Wednesday, October 12, 2005

Hope for Liberia:
Americans May Need to Look Towards its Struggling Sister

I woke up this morning excited about the Presidential Elections.

Not the stupid "Hillary vs. Rudy Giuliani" garbage being spewed by the talking heads. Not the Democratic Party hand-wringing or the Republican Party jockeying, either.

There's another presidential election, going on right now, on the other side of the world, that should give all Americans hope.

Liberia, a nation partly founded by former American slaves and partly by the various backroom dealings of some of the United States' most visible 19th century leaders, went to the polls yesterday, choosing from 22 potential candidates for the first time since the fall of the Charles Taylor regime.

Liberia has too long been that wild step-sister that Americans refuse to look squarely in the eye. Its capital, Monrovia, is named for a former U.S. president. The tiny nation's Founding Fathers were not born in Africa, but were exiled former slaves born in places like Ohio, Virginia, and New England.

Part of the self-imposed blindness, I suppose, comes from the fact that much of Liberia's history, through the 1970s, mirrors a bleak reflection of the most embarrassing and tragic portions of own history. Liberia's founders first purchased an island from local tribal leaders and then took the rest through conquest. The founders of the American colonies did the same thing. The former American Free Men of Color modeled a lot of elements of their society after the 19th century stylings of their American siblings- including the adoption of the "civilized" practices of forced labor and slavery, political nepotism, and suppression of native religious beliefs to bolster Christianity.

When America finally came to its senses and finally began to reject many of these wholesale practices, Liberia flourished under our own antiquated system. The Native African population was eventually given some voting rights, but still lived under Liberia's own version of Jim Crow. Unlike the United States, where the prosperity and superpower status after the Second World War led to a Civil Rights revolution and turned people like Martin Luthor King and Caesar Chavez into a generation's liberators, Liberia went the eventual, inevitable route of murderous chaos due - a silly racial split based on silly childish prejudices left over from the 1800s.

Its an interesting thing to ponder...could the American Cultural Revolution of the mid 20th century ended differently? What if the voices of non-violent change had been ignored in favor of militant change and bloody counter-resistance? While the news footage of peaceful marchers in Selma and Birmingham, Alabama, being attacked by police dogs and fire hoses is still hauntingly disturbing, what would American Society be like today had those same protestors decided to raid a national guard armory before the protest? What if AIM (The American Indian Movement) leaders had really spurned massive violent resistance to White America? Or the Black Panther Movement had turned completely from local defense to strategically significant offense?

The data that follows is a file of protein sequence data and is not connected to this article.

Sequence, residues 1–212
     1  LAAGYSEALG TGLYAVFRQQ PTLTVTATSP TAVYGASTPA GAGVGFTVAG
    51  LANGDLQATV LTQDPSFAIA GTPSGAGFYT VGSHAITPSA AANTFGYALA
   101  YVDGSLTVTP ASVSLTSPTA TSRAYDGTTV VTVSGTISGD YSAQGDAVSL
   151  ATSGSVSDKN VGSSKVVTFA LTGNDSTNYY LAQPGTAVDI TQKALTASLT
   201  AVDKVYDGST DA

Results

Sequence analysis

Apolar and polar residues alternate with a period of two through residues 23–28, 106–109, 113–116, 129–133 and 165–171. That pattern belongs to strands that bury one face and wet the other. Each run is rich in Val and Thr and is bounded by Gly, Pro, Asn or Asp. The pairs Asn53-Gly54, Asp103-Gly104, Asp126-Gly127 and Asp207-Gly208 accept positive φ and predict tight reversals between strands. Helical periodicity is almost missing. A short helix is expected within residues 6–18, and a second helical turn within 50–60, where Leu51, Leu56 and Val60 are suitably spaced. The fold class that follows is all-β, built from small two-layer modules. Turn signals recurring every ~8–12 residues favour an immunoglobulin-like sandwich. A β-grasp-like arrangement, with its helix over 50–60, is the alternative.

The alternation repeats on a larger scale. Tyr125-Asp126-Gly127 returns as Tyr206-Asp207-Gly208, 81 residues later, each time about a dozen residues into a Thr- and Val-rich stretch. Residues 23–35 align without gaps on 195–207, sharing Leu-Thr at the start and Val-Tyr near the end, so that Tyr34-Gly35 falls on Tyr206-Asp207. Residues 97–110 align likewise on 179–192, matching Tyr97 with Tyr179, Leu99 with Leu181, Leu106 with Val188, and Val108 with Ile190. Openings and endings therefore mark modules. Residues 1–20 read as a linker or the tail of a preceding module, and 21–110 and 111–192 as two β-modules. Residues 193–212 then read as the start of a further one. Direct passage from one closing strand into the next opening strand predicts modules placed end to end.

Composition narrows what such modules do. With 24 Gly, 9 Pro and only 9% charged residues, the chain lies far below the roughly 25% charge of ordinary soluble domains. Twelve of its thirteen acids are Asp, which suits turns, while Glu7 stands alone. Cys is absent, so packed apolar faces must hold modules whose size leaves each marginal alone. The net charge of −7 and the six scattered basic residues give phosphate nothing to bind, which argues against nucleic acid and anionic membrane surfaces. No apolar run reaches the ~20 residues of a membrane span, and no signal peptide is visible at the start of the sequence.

America's social and cultural prestige in the world is not owned to a nation's reliance on the gun or a nuclear arsenal. It is reliant on our peacemakers and the frequent ability to peaceably assemble, speak, and to, more importantly, to reach compromise through our democratic system. Blessed are the peacemakers.

Now Liberia, after years of bloody civil war, mass rapes and killings, and child armies roaming the streets, is holding free elections. The next President of Liberia may be former AC Milano footballer George Weah. It could also be Ellen Johnson-Sirleaf, who could be the first woman ever elected to lead an African nation. The Liberian ballot is full of a nation's best and brightest, its social critics, its dissident voices, its most violent advocates for change, and its truest representatives.

In many ways, its recent violent history has brought Liberia back to its true ideological roots, the purest intent of the democracy its society is modeled after. These principles, of course, remain the United States most important export - often, in spite of our own actions. The men and women who founded our own country, in spite of their flaws, outlined what it takes to make freedom work. And they realized, too, that peaceful resolution and individual human rights are indeed compatible.

These principles rang true in 1700s America. And, hopefully, they will hold true in 21st century Liberia. The responsibility of a free society is to elect its best advocates of freedom, not the best advocates for a particular ideology, political party, or special interest group.

Maybe there's a lesson in there, somewhere, that the United States can learn from its maturing baby sister.

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